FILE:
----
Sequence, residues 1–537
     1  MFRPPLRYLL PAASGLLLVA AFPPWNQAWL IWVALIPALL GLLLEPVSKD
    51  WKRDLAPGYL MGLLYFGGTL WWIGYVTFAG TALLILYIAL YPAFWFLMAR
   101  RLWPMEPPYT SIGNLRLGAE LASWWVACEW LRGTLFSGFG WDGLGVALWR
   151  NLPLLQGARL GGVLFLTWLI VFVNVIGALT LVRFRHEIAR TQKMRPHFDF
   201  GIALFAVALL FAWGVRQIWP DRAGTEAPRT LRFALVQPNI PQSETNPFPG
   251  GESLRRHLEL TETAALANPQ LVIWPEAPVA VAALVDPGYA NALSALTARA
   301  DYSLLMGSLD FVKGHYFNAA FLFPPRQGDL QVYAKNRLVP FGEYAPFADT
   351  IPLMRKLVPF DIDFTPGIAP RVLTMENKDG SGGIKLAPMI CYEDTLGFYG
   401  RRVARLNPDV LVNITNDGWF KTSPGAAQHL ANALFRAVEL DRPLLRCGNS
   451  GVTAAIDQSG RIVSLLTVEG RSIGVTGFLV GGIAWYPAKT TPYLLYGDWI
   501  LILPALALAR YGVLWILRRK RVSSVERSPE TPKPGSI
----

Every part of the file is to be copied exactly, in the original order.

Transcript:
Sequence, residues 1–537
     1  MFRPPLRYLL PAASGLLLVA AFPPWNQAWL IWVALIPALL GLLLEPVSKD
    51  WKRDLAPGYL MGLLYFGGTL WWIGYVTFAG TALLILYIAL YPAFWFLMAR
   101  RLWPMEPPYT SIGNLRLGAE LASWWVACEW LRGTLFSGFG WDGLGVALWR
   151  NLPLLQGARL GGVLFLTWLI VFVNVIGALT LVRFRHEIAR TQKMRPHFDF
   201  GIALFAVALL FAWGVRQIWP DRAGTEAPRT LRFALVQPNI PQSETNPFPG
   251  GESLRRHLEL TETAALANPQ LVIWPEAPVA VAALVDPGYA NALSALTARA
   301  DYSLLMGSLD FVKGHYFNAA FLFPPRQGDL QVYAKNRLVP FGEYAPFADT
   351  IPLMRKLVPF DIDFTPGIAP RVLTMENKDG SGGIKLAPMI CYEDTLGFYG
   401  RRVARLNPDV LVNITNDGWF KTSPGAAQHL ANALFRAVEL DRPLLRCGNS
   451  GVTAAIDQSG RIVSLLTVEG RSIGVTGFLV GGIAWYPAKT TPYLLYGDWI
   501  LILPALALAR YGVLWILRRK RVSSVERSPE TPKPGSI